Absenteeism is a huge concern for K–12 schools.
Consider this statistic: As many as 8 million students were chronically absent from school during the 2015–2016 school year, up from 7.2 million two years earlier, according to national data released in 2018 by Attendance Works. That means 1 in 7 students missed 15 or more days of school. Of those students, an estimated 1 in 10 kindergarten and first grade students were chronically absent. Chronic absenteeism is worse among special needs students, according to recent findings in some states.
Students who miss 15 days of school a year are considered chronically absent, according to the Department of Education. Why is this a problem? Chronic absenteeism “can translate into third-graders unable to master reading, sixth-graders failing subjects and ninth-graders dropping out of high school,” according to Attendance Works.
Recognizing the problem is a critical first step to combating the rise of chronic absenteeism. “Like bacteria in a hospital, chronic absenteeism can wreak havoc long before it is discovered,” notes a report by the Everyone Graduates Center at Johns Hopkins University.
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Data Analytics Can Get to the Root of the Problem
To get a true sense of absenteeism in schools, it needs to be consistently and accurately measured. Schools do keep data on average daily attendance but gathering that information only skims the surface of the problem, suggest analysts. In 2013, only six states kept records of chronic absenteeism, notes the Johns Hopkins report.
“Chronic absenteeism is not the same as truancy or average daily attendance,” notes the report. “A school can have average daily attendance of 90 percent and still have 40 percent of its students chronically absent, because on different days, different students make up that 90 percent.” This was something recognized early by Michael Bloomberg (then New York City’s mayor) and a task force he created in 2010 to campaign for more school engagement and to devise ways to deal with chronic absenteeism.
Notes the John Hopkins Report:
The campaign began with an acknowledgement of the problem and a commitment to getting and using data. When the task force realized that the data existed, but were not used because the system was too complicated, it worked with the city’s education department to create a “data dashboard” that enabled mentors, school personnel and community partners to see real-time data on student attendance. From this it became possible to flag students who were at risk of being chronically absent, missing 10 percent, or at least 20 days, of a school year.
This helped identify early warning signs among students through data that parsed not only current absences but historical absence figures as well as downward grade progression. In a pilot program that used this data to assign students “success mentors” and used soft technology initiatives like wake-up calls to students from celebrities such as Michael Jordan, students gained an additional total 7,000 days in class, notes the John Hopkins report.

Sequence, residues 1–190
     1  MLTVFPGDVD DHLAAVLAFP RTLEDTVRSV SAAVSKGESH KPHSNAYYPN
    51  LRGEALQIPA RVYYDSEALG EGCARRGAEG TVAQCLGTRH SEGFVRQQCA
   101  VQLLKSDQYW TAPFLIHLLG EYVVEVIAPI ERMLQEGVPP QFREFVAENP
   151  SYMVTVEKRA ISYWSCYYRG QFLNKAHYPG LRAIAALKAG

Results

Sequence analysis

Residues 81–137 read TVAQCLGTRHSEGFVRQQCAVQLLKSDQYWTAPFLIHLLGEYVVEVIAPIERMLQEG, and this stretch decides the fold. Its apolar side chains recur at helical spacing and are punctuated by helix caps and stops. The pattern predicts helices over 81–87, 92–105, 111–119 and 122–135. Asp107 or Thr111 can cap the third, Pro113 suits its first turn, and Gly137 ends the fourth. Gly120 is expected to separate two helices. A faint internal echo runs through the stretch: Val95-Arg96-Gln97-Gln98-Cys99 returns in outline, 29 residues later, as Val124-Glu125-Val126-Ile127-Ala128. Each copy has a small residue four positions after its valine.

Nudges and Collaboration Platforms Can Get Parents to Help
A 2018 Harvard University study found that parents often underestimate how often their children miss school. It also found that keeping parents involved and nudging them about their children’s absenteeism led to an uptick in attendance.
“Educational interventions that inform and empower parents … can complement more intensive student-focused absenteeism interventions,” notes the study. Technology can vastly scale these interventions. Google Classroom and Microsoft Teams, which already update students’ guardians about classroom and grade performance, can be adapted to share attendance records. “Nudges,” or digital alerts, can be used to keep parents in the loop, and have also been shown to improve college students’ STEM performance.
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Immersive Classroom Technologies Can Improve Attendance
Technology is making its way into the classroom with tools that engage students a lot more than traditional lessons can. The more students are engaged, the more they will want to return to class, studies have shown.
“Having more engaging teachers increases not only attendance in the year in which the student has the teacher but also improves students’ chances of completing high school,” notes a Brookings Institution report.
K–12 teachers can use tools like VR and AR in the classroom to help students learn by doing. These tools are also fun and engaging.
According to a 2017 study published in the British Journal of Educational Technology, researchers at Poland’s Adam Mickiewicz University found that students using a virtual chemistry laboratory — equipped with Microsoft’s Kinect gesture technology — showed better retention and were able to complete complex laboratory tasks.
Students would much rather learn about dinosaurs by walking alongside them in a virtual prehistoric landscape than be taught about them by a teacher pointing to pictures with a stick. Students who are queasy in biology class can dissect frogs without using a scalpel. And what better way to learn about climate change than by learning about the diversity of the Amazonian rainforests while virtually trekking through them.
So, while some in K–12 education might dismiss things such as VR headsets as toys or distractions, they’re actually valuable tools to deepen student engagement, which in turn can help schools meaningfully combat absenteeism.